during your first interview and that need further exploration.

In the light of this knowledge it is worth doing a little advance prepar­
ation before you go to the assessment centre. As you can see from
the sample timetables given in Figures 1.1 to 1.3, the chances are
that you won’t have much time when you get there. A checklist of
useful things that you can do to get started on that process is given
in the box below.

13

14

How to Succeed at an Assessment Centre

You can prepare in advance for your assessment centre interview by:
●● taking a careful look at the job details together with your initial

application, CV and covering letter and reflecting on them in the light
of the knowledge you have since gained;
●● studying any notes you made following your first interview;
●● thinking about what questions you were asked at that interview and

whether or not any areas were left unexplored;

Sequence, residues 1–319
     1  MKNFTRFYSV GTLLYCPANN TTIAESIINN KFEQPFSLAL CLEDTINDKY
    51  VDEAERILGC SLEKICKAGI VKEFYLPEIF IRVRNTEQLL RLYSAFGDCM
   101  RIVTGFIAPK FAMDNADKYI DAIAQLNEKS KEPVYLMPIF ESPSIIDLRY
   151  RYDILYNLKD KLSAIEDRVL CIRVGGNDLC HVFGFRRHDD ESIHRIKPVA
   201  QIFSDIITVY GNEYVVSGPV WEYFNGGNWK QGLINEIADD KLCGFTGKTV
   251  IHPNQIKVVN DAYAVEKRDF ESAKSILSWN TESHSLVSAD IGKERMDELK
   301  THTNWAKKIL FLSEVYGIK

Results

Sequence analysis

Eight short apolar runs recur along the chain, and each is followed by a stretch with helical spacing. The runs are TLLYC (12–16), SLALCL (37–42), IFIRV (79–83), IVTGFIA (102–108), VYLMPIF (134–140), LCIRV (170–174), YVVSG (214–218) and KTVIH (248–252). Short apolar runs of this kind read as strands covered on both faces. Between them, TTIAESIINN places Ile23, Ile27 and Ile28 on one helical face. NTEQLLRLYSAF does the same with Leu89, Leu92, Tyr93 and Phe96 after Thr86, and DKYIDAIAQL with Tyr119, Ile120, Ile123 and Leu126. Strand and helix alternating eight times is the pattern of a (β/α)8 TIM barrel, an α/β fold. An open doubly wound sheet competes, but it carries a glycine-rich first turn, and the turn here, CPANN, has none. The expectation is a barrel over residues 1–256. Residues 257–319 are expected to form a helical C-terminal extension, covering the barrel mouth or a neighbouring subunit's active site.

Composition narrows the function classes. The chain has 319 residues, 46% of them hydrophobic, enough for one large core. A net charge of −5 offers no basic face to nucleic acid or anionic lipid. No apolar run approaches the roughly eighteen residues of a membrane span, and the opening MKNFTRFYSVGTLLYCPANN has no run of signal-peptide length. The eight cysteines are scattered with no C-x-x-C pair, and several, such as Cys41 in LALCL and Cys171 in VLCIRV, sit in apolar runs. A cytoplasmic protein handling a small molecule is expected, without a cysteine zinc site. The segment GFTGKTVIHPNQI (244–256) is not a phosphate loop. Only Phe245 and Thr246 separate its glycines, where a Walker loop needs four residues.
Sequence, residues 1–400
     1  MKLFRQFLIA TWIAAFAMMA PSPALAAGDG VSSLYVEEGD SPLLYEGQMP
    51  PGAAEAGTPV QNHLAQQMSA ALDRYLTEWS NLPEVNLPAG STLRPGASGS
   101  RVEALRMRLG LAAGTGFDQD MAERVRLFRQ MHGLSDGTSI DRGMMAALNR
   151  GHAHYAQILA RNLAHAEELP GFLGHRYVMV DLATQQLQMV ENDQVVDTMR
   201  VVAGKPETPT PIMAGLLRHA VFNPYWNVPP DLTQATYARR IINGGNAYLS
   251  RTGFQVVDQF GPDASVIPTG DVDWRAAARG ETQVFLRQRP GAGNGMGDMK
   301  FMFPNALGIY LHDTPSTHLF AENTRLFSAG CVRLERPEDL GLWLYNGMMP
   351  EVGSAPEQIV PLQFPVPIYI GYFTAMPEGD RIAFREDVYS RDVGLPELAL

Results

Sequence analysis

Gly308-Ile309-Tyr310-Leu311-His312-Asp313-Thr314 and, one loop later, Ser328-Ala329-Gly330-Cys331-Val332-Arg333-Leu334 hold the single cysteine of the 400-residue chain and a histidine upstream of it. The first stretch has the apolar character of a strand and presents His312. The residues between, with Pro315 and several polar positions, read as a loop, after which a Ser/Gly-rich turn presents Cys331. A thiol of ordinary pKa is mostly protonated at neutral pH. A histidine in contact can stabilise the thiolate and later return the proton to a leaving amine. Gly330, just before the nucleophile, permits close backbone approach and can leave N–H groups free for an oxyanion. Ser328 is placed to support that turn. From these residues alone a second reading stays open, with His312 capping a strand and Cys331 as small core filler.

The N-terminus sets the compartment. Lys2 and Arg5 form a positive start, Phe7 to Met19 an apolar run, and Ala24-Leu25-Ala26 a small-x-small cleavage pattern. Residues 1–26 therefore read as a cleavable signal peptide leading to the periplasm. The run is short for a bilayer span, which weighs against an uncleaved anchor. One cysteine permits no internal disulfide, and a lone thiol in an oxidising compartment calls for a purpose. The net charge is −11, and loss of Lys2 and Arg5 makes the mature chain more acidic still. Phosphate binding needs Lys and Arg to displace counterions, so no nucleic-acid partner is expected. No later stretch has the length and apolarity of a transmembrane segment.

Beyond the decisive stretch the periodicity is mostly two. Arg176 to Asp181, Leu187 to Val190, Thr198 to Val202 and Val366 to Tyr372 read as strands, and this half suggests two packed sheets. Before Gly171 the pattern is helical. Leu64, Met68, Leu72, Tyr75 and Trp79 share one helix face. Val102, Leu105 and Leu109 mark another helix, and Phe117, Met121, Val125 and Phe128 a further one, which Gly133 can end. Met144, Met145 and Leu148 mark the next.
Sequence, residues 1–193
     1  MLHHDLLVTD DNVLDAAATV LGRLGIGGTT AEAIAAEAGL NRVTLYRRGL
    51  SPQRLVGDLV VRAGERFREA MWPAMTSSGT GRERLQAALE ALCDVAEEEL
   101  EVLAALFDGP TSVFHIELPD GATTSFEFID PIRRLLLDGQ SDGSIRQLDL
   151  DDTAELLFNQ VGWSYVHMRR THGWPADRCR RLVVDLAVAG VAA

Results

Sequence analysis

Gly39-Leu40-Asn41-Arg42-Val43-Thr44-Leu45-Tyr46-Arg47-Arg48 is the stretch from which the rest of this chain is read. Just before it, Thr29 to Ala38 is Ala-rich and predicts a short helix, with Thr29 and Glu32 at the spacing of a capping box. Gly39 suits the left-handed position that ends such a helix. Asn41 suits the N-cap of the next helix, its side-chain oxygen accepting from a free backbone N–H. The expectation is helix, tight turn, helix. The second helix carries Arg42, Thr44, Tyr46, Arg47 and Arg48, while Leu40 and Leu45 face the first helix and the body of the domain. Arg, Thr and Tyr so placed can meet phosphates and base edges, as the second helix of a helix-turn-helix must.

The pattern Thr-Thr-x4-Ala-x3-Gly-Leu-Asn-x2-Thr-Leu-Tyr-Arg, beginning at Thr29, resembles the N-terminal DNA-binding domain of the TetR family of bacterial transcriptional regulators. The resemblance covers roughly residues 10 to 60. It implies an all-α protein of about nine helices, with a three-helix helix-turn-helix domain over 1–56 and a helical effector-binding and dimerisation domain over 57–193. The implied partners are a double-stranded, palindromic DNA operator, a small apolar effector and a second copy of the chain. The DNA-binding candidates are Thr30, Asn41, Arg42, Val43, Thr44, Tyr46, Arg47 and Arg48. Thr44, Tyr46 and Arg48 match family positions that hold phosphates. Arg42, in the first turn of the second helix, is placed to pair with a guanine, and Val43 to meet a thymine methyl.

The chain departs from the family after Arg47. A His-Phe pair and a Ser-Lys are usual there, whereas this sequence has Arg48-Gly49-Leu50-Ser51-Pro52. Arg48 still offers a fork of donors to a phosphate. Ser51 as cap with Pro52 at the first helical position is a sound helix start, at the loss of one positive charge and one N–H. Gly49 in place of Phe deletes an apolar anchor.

●● trying to identify what new questions you might be asked or areas

the interviewers might wish to explore;
●● gathering relevant information about the organization, eg from

someone you know who may have had a second interview or via
the internet.

To sum up, expect your assessment centre interview to be more
demanding than the one that helped to get you there, make sure
you are familiar with what you said in your application form, CV and
supporting letter, and find out as much as you can about the job
and the organization. More detailed guidance is given in Chapter 6.

Ability tests
The use of tests in personnel selection is based on the assumption
that there are stable job-related differences between candidates,
and that these differences can be measured with a sufficient degree
of accuracy to be of value to employers. The ability tests chosen for
use at an assessment centre, therefore, will have been specifically
designed to assess how good people are at doing certain things.
So, expect to be given a test or tests that will provide the assessors
with some objective evidence of what you are able to do – in other
words, a measure of your aptitude.
The most commonly used ability tests are designed to assess
your skills in numeracy and verbal reasoning. In addition there are